Nothing succeeds like success and who would know better than Lewis Caroll, the author of the acclaimed “Alice’s Adventures in Wonderland.” However, few know what triggered him to title his sequel, “Through the Looking-Glass and What Alice Found There.” The very fact that Lewis Carroll made his only trip abroad - in 1867 - to Russia may give us a hint. And that puts me in good company as I strive to describe what I find in Russia since my appointment as the Moscow-based World Bank Lead Economist for the Russian Federation.
In this inaugural column for Forbes Russia, my commitment to this column’s readers is to present as objective a view as possible of Russia’s “twist-and-turn” economy. I find it rather interesting, frustrating, and occasionally funny, how Russia’s economy is so stereotypically characterized in bipolar terms: “good or not good.” The looking glass is either rose-tinted or lined with lead.
Hence, my clear-cut commitment to objectivity.
You might rightly ask, how? The answer is simple. By basing this column on data-driven evidence and when data are not available, drawing on economic theory. Sure, data can be flawed, and economics, misguided. Nonetheless, data and economic logic remain our best defense against our human biases.
So how did Russia’s economy perform in 2017?
Let’s start with the positives. After nine successive quarters of recession in 2014-2016, it is a remarkable achievement that Russia’s economy has emerged from recession to recovery. Growth bottomed out at a recessionary, minus 2.8% just two years ago and today, it is plus 1.7%. This turnaround was due to three factors:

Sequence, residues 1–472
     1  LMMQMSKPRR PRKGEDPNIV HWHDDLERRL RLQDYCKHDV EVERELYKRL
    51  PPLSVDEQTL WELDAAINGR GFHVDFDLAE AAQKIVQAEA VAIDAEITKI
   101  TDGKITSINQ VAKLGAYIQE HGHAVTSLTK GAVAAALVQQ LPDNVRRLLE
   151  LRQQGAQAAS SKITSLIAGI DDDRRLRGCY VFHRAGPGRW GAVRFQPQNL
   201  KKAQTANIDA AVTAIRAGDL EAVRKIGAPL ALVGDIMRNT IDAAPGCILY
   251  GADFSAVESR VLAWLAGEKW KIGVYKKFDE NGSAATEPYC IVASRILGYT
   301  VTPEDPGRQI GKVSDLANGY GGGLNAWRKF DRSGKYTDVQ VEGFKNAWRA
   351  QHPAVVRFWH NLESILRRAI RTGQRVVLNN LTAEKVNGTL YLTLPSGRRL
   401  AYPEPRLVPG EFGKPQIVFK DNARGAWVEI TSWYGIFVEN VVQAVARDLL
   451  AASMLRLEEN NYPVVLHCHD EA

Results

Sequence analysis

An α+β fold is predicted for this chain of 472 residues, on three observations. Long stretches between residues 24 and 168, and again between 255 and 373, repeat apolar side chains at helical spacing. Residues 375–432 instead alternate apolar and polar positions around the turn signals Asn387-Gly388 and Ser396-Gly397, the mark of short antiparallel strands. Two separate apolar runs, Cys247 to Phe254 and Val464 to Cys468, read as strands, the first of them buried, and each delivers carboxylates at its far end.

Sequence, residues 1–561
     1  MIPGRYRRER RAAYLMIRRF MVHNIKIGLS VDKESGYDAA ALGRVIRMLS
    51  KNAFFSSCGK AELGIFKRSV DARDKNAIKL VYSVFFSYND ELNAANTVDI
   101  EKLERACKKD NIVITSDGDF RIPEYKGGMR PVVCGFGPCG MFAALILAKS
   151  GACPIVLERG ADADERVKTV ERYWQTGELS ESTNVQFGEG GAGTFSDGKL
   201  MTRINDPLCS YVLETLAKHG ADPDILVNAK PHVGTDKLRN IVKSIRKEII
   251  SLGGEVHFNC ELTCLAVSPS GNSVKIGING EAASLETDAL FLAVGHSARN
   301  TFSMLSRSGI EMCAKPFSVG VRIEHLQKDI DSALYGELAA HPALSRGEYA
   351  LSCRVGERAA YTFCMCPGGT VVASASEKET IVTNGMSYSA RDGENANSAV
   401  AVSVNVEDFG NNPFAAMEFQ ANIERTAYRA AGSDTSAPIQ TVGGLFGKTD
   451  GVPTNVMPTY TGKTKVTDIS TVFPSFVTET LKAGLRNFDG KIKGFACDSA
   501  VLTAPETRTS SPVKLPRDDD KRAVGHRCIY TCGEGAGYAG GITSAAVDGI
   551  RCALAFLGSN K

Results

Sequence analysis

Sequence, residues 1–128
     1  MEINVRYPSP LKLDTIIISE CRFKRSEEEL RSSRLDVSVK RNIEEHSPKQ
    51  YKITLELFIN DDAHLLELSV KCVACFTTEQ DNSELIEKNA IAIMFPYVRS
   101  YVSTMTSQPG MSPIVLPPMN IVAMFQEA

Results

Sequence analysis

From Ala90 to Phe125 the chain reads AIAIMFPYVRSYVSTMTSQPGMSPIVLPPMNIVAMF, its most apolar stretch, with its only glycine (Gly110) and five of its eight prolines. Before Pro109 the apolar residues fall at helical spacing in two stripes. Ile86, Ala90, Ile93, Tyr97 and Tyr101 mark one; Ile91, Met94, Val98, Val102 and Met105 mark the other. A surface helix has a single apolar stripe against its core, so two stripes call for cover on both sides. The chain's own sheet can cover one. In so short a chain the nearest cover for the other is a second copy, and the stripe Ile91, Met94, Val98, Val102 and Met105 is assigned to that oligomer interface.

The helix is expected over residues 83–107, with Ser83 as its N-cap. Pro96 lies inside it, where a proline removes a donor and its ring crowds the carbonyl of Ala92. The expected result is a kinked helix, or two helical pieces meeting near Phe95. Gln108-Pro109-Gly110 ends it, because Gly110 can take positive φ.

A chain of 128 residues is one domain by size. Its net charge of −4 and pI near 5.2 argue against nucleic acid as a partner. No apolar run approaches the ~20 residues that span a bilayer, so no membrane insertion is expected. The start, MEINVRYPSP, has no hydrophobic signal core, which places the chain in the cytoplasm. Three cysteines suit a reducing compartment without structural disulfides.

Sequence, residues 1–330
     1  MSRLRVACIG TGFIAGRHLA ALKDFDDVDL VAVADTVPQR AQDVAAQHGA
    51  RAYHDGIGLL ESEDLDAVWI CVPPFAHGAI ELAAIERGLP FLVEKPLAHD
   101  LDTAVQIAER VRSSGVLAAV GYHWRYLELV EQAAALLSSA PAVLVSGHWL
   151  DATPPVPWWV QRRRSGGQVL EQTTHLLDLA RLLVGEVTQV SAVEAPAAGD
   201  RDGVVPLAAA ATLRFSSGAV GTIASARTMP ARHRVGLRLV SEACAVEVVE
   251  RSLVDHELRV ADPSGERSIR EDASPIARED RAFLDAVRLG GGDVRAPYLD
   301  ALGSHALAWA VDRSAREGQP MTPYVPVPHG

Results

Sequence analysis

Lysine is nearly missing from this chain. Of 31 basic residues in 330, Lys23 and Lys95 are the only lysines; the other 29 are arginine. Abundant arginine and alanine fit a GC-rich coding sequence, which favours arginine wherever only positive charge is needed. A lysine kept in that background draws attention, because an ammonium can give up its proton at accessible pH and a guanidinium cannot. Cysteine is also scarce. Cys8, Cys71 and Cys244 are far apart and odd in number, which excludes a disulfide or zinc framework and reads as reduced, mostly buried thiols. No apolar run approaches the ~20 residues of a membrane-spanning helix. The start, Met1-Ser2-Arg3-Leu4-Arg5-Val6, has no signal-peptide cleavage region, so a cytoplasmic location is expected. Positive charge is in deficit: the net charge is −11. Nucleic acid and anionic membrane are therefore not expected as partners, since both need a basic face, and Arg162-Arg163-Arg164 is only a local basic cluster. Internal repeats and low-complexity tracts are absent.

First, deepening domestic macro-stability: Thanks to the Russian Central Bank targeting inflation, the country is enjoying its lowest inflationary environment in history: annual inflation is currently averaging a mere 4%—less than a third of just a few years ago. Had inflation trends of 2015 sustained, a plate of Olivier salad would have been 402 Rub instead of 312 Rub today.
Meanwhile, a comfortable import cover for over 16 months; high levels of international reserves (over $420 billion); and a flexible exchange-rate regime continue to help the economy navigate external shocks. Government debt to GDP is around 17% (the euro area's is almost 90%).
And by the end of 2017, fiscal deficits (both general and federal) are expected to be a shade above 2% of GDP – not exactly a sign of profligacy. Add to that Russia’s renewed fiscal rule and one can almost say that the macro is getting boring. Perhaps macro, like accounting and dentistry, ought to be boring?
Second, firming global commodity prices: Oil prices, which had fallen to $27 a barrel in early 2016, are now in a comfortable mid- $50 range. Compliance among oil-producing nations is also growing. This is all good news for any commodity exporter, including Russia.
Third, a recovering global economy: This is the first time since the 2008 global financial crisis that major advanced economies have grown synchronously. With expected growth at 2.1% and 1.5% in 2017, the economies of the United States and Japan strengthened, while in the Euro Area economies, growth, at 1.7%, is well above its estimated potential of around 1%. In 2017, Asian economies, namely China, India, and Vietnam – all important trading partners in Russia’s pivot East – are expected to post strong growth of 6.7%, 7.2%, and 6.3%, respectively.